Q: For my last birthday, I treated myself to a Birkin. Well, it's a really expensive fake Birkin bag. This is one of those $2,000 ones that I ordered from Asia, and I have heard that even Hermes can't tell them apart. Anyway, I told my friend where I got it, and she now feels compelled to tell everyone that it's not real. If we're together and someone compliments my bag, she immediately says, "She got it from China." She says I have to 'fess up to it being a fake because it's only fair. Am I a big phony if I just keep my mouth shut and pretend that it's the real deal?
Ah, counterfetiquette. In this synthetic age, it's sometimes difficult to discern between benign and venal falsities. Forged signatures on checks are illegal and obviously not up for discussion. Same goes for trafficking in imitation luxury merchandise under false pretense. But do you have to admit to a disingenuous smile on a bad first date? Or tell your husband that your nails are actually acrylic? If so, shouldn't dinner guests be forewarned that you used "I Can't Believe It's Not Butter!" in the mashed potatoes?
Simon Doonan, creative director at Barneys, sniffs at any masquerade of affluence. "It's always good to tell people that it's fake because otherwise, you're promoting yourself as having more money than you do, and that's pathetic," says Doonan, author of the upcoming book "Eccentric Glamour: Creating an Insanely More Fabulous You." Doonan is personally against fakes but adds: "I can't imagine that anybody really cares."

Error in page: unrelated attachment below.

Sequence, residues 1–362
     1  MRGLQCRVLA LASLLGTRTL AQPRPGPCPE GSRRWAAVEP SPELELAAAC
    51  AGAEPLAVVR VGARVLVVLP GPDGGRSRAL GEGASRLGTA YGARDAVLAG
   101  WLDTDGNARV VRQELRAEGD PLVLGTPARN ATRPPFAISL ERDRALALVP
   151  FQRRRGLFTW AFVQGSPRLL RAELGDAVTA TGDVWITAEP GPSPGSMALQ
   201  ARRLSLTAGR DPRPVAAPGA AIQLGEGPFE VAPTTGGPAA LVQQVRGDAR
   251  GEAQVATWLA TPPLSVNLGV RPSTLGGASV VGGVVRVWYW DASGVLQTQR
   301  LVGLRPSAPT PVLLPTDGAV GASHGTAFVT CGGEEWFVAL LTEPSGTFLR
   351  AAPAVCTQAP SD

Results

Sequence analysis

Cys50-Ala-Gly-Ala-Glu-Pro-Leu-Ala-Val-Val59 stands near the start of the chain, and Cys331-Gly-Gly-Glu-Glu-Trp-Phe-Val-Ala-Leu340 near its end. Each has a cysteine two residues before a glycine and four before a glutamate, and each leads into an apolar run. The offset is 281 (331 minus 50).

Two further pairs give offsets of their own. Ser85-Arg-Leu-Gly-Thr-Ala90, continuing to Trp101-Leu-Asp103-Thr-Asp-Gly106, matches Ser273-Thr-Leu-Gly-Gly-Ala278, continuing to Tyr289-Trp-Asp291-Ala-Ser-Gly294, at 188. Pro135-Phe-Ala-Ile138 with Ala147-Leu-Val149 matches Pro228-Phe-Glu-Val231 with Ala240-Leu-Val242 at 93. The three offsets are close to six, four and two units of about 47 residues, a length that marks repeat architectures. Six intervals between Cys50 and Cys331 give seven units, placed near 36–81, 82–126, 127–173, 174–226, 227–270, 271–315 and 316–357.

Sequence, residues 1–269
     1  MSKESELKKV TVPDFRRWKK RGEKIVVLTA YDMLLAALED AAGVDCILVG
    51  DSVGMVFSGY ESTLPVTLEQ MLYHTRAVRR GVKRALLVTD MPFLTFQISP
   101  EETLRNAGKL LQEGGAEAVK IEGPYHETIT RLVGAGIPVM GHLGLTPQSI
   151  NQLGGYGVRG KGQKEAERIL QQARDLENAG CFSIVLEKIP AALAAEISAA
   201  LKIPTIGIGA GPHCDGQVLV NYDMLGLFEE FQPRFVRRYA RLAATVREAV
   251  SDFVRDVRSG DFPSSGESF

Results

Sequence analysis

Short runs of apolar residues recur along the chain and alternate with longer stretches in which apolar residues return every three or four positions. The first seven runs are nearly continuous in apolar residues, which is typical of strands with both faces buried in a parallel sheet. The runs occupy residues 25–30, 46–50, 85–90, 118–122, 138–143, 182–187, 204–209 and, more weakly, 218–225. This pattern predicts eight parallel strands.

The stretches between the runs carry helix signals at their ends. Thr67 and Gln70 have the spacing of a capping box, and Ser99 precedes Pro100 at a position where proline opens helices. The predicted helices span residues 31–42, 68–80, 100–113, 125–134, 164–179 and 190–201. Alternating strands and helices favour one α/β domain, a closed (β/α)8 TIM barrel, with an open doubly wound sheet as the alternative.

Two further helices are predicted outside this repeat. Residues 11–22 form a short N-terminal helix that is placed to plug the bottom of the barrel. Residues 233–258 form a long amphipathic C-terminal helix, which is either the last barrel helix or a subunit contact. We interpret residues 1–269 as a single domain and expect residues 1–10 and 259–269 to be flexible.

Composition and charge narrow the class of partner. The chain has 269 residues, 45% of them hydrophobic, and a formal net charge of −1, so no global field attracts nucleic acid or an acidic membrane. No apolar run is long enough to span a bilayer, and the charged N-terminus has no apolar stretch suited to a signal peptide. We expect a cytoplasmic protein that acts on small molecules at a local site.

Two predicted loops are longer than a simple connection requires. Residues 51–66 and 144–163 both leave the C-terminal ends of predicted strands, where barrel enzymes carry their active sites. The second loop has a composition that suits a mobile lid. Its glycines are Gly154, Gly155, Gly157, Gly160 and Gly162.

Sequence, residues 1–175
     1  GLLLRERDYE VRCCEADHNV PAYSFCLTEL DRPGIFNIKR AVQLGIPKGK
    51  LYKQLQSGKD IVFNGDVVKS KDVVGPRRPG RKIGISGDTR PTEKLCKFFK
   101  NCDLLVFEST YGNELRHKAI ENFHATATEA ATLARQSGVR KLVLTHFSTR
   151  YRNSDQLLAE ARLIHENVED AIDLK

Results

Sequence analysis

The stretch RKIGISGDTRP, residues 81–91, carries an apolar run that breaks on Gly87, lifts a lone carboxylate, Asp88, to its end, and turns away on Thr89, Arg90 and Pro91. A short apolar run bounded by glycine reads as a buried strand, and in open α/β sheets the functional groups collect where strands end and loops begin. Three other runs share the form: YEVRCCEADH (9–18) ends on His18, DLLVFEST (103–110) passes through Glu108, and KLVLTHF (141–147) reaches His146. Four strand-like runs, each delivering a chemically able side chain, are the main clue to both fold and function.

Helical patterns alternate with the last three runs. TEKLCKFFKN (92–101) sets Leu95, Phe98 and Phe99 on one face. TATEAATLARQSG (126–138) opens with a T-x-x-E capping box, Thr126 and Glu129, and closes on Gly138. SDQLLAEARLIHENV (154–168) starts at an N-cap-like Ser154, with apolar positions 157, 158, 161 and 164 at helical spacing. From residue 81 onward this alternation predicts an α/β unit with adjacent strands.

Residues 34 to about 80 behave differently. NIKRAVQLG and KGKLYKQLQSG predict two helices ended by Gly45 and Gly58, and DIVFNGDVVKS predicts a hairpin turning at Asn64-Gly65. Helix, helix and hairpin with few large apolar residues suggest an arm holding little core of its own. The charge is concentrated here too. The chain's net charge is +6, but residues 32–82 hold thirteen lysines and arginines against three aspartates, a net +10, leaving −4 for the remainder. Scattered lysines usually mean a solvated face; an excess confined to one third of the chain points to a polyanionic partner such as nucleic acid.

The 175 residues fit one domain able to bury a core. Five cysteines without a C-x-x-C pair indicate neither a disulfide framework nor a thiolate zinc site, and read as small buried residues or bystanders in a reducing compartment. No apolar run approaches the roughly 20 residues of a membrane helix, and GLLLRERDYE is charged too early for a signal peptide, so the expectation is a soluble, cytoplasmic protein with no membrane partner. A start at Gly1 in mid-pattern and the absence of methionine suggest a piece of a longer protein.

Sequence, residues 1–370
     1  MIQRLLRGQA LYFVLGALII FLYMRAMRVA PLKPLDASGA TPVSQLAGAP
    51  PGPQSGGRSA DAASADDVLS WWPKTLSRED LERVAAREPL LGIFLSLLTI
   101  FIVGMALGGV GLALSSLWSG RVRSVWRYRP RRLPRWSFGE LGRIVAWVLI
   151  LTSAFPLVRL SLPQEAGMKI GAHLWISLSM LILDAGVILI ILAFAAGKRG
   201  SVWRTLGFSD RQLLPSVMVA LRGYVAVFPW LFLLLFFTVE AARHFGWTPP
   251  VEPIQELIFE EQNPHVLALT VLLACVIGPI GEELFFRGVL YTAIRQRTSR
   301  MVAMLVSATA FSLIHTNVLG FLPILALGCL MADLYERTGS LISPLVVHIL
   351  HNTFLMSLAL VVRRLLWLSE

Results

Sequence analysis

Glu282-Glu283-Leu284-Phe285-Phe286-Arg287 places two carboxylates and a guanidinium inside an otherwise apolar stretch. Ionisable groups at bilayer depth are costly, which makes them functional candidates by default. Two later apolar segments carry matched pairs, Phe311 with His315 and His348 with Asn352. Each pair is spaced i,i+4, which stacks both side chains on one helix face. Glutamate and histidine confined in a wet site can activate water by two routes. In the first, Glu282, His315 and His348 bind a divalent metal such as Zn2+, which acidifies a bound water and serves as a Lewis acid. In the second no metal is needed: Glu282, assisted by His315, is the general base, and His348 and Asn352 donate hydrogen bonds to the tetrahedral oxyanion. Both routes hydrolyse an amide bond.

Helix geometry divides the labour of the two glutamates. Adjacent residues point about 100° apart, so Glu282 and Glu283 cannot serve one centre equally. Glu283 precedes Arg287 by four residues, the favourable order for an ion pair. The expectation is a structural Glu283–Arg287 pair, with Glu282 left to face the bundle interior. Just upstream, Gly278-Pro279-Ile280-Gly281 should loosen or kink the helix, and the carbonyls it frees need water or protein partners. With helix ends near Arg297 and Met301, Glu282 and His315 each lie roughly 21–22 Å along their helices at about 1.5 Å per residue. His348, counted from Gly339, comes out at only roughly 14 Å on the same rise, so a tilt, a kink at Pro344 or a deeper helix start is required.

Other than Hermes, of course, which no longer authenticates bags. "I have heard that if you walk into an Hermes store with a fake Birkin, they can confiscate it," says Tina Craig of Bagsnob.com, a website devoted to designer accessories. (According to Hermes in Beverly Hills, that urban legend is about as authentic as your purse.)
Actually, snagging a real Birkin has become so arduous that more and more fakes abound. Nationwide waiting lists for the iconic bag are closed. Even the Hermes location in Vienna, Va. -- which was rumored to be the last store taking names -- has 500 people waiting for a Birkin.
"We only take names of local people right now," a salesman says with a sigh. He admits that he's been offered "crazy bribes" to hopscotch to the top of the list.
Craig, who owns eight Birkins, three Kelly bags and a mini-pochette by Hermes -- almost $80,000 worth of authentic Hermes purses -- is more pragmatic than Doonan when it comes to owning up.
"It's a woman's prerogative if she wants to admit that it's fake or not," she says. "But either way, most people can tell."
Clearly, the choice is yours. I wouldn't admit to a mock croc bogus Birkin unless someone outright asked me whether my purse was born in Paris or China. What concerns me more than your appetite for imitation accessories, however, is your taste in acquaintances. If that supposed pal can't keep the copycat in the bag, she's what I call a make-believe friend.
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